Where possible, I try to remain seated when climbing. It is more efficient and you can maintain a high power for longer. It is also more aerodynamic. For novices, it is good training to try and climb whilst seated and get out of the habit of standing on the pedals as soon as the road goes up hill.

Climbing whilst out of the saddle

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Matt Clinton on rake at 23%. Powering out of the saddle (notice handrail by side of road, it is steeper than it looks.) Photo Bob Tobin

Sometimes referred to as ‘standing on the pedals’. Here you employ a lot more muscles and upper body strength to help you pull up against the handlebars. If you stand up, you will get a short term increase in power. If you’re using a power meter, you will probably see you’re power increase significantly. This is great for acceleration or getting through a particularly steep section. But, when the fast twitch muscle fibres are exhausted, the burst of power will evaporate, and you will find your power dissipates.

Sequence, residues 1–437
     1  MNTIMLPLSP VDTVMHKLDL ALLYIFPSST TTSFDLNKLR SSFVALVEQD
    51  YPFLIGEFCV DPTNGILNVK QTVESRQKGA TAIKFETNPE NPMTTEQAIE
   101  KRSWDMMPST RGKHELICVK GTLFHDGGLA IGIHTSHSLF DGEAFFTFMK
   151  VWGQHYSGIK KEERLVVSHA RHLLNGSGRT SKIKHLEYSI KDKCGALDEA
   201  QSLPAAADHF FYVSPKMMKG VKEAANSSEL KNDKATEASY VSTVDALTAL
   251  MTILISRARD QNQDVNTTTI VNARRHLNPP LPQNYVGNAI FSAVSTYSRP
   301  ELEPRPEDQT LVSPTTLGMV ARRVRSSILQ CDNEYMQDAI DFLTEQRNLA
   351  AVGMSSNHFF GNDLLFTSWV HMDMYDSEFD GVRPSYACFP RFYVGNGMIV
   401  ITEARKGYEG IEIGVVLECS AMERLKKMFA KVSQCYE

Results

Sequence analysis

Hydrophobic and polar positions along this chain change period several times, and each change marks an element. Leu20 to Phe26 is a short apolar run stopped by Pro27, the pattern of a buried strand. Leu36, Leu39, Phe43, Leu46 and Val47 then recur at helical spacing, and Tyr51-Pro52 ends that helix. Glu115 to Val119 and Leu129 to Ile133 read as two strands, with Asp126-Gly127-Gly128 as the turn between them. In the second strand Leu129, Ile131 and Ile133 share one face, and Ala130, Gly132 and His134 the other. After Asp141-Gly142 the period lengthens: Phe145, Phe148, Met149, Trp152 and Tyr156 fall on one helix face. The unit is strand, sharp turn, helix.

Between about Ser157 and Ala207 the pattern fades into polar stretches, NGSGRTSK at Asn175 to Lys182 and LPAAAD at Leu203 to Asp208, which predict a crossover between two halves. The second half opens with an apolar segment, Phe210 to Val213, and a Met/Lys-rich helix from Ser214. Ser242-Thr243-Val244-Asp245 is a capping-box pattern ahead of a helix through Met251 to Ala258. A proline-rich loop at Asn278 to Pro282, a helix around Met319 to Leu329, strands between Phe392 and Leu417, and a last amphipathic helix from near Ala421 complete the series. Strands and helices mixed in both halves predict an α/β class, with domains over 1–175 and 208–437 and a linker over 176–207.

Bear in mind, there is no hard and fast rule about climbing in the saddle. If you watch the Tour de France, you will see different riders have different styles. A light rider like Alberto Contador always seems to be out of the saddle rocking around all over the place. A heavier more powerful rider like Cancellara will be much more likely to be going up the Alpine climbs whilst seated. Shorter, lighter riders generally do better out of the saddle than heavier riders. Sometimes it’s good  get out of the saddle just to give your back muscles a stretch and break the monotony of climbing in the seated position.